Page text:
Alexa McDonald will always remember April 2nd, 2018. On that day, McDonald was enjoying a nice day on the beach in Jupiter, Florida. However, what she saw next would change her life forever. She looked out into the water and saw a father struggling to bring his two young girls to the shore. With the help of others, they were able to bring the girls to land, but they needed immediate emergency attention. Although four concerned citizens called 911 that day, and EMS was deployed after the first call, it took them over ten minutes to arrive. In the incident report, it was found out that rescue was dispatched to the wrong location, and as a result, they arrived at the scene too late. Scenarios like this happen all over the country every year, yet no one fixes this issue.

How do we fix this?

In a world where Uber and Dominos know where we are why are innocent civilians dying in preventable ways so often? Nearly 75% of smartphone users share their location at all times, why not take advantage of this existing information? With Call Assist, a user's location is automatically shared with first responders in the event of a medical emergency. A user can use an android application to send the user's name, age, location and more to our website. Emergency medical services can access this website and automatically see the current location of the user and the fastest directions to the location using Google Maps. The application will also alert a user's family, friends, or healthcare provider in the event of an emergency.

How we built it

To create the Call Assist website, we used Bootstrap. We used a framework to design a simple website that displays all of the necessary information that a first responder needs to get to and aid a civilian in need. We used the Google Maps API to show a live map based on a user's location data. For our application, we used Android Studio to create an Android app that displays a user’s name, general information, and location. We also implemented Twilio to send out an alert phone call to family and friends of users who are experiencing an emergency.

Challenges we ran into

In making our website, we had issues with connecting our domain name to a server. We had a few problems when connecting our app to our website to enable live location updates. An additional issue that our team had was getting used to how to use GitHub. While it is somewhat easy to use, we had a few issues in updating our website including a number of errors that caused our website to bug out.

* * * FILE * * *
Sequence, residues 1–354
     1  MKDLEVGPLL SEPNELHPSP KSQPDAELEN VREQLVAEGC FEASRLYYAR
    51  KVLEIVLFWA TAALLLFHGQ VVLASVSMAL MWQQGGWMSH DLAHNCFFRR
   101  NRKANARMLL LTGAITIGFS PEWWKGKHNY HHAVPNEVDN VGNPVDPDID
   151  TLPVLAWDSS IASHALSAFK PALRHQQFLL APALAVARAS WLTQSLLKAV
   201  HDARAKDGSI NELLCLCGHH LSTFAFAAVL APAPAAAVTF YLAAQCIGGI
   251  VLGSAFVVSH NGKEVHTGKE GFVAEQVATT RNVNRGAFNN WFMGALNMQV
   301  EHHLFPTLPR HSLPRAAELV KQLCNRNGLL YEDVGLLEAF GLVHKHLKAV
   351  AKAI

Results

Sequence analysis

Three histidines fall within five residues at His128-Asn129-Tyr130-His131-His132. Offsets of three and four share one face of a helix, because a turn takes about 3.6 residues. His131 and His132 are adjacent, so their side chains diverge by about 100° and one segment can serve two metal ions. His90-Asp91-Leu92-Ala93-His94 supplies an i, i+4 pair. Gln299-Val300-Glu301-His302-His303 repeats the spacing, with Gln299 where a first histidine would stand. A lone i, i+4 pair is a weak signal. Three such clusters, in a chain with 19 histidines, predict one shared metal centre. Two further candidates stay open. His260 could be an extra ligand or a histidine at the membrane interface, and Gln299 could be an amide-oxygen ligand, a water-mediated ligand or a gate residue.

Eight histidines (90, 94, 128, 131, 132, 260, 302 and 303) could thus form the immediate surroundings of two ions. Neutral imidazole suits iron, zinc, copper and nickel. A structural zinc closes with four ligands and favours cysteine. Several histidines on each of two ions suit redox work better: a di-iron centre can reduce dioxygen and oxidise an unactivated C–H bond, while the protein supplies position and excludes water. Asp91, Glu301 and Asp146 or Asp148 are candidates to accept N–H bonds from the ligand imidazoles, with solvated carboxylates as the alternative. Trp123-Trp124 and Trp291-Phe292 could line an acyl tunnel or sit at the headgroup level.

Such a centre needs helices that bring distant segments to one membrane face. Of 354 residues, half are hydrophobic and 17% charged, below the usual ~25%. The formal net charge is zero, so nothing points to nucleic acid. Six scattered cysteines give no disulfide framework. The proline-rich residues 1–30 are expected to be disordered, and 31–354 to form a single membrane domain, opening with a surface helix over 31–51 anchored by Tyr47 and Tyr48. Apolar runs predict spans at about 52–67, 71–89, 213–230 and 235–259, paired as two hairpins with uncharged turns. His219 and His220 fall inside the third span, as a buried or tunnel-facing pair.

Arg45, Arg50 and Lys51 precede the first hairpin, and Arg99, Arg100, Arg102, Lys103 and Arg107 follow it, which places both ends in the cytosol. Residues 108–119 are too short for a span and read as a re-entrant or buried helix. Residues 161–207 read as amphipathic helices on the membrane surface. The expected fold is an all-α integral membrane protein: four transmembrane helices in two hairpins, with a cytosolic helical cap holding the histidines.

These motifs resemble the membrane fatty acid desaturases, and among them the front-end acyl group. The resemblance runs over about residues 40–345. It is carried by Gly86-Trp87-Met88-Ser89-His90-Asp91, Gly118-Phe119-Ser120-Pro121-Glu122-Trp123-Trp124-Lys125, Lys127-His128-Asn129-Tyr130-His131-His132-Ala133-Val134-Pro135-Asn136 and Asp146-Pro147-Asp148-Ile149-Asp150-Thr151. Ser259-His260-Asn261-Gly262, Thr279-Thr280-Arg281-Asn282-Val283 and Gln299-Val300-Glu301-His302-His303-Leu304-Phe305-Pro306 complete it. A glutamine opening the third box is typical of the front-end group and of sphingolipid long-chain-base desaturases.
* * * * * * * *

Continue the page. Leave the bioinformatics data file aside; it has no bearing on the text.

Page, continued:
Accomplishments that we're proud of

We are proud of the fact that we were able to produce a completely operational application accompanied by a fleshed-out website and a working firebase database. Inputting our information in the app, we were really able to see our website come to life over the past 24 hours, which is a really great feeling.

What we learned

We learned many skills such as, how to use google cloud, host a website using GitHub, create a site using ruby, markdown, Html, CSS, and javascript, use a database API, use maps API with directions. Overall, while we did have some issues in creating our app and website, our team learned and gained a lot from this experience. From learning more about how to use GitHub, to learning how to implement APIs to a website we definitely became better developers and came out of this experience as stronger coders.

What's next for Call Assist

As we moving forward with Call Assist, we hope to continue working on the website and application to better serve the needs of people. We hope to add more features like account services for a more unique user experience as well as a connection to insurance companies. Allowing users to share medical information and a photo of themselves is another feature we think would be beneficial for both them and the medical responders. We also would like to improve the UI design to create an easier to use application that is welcoming to all users.

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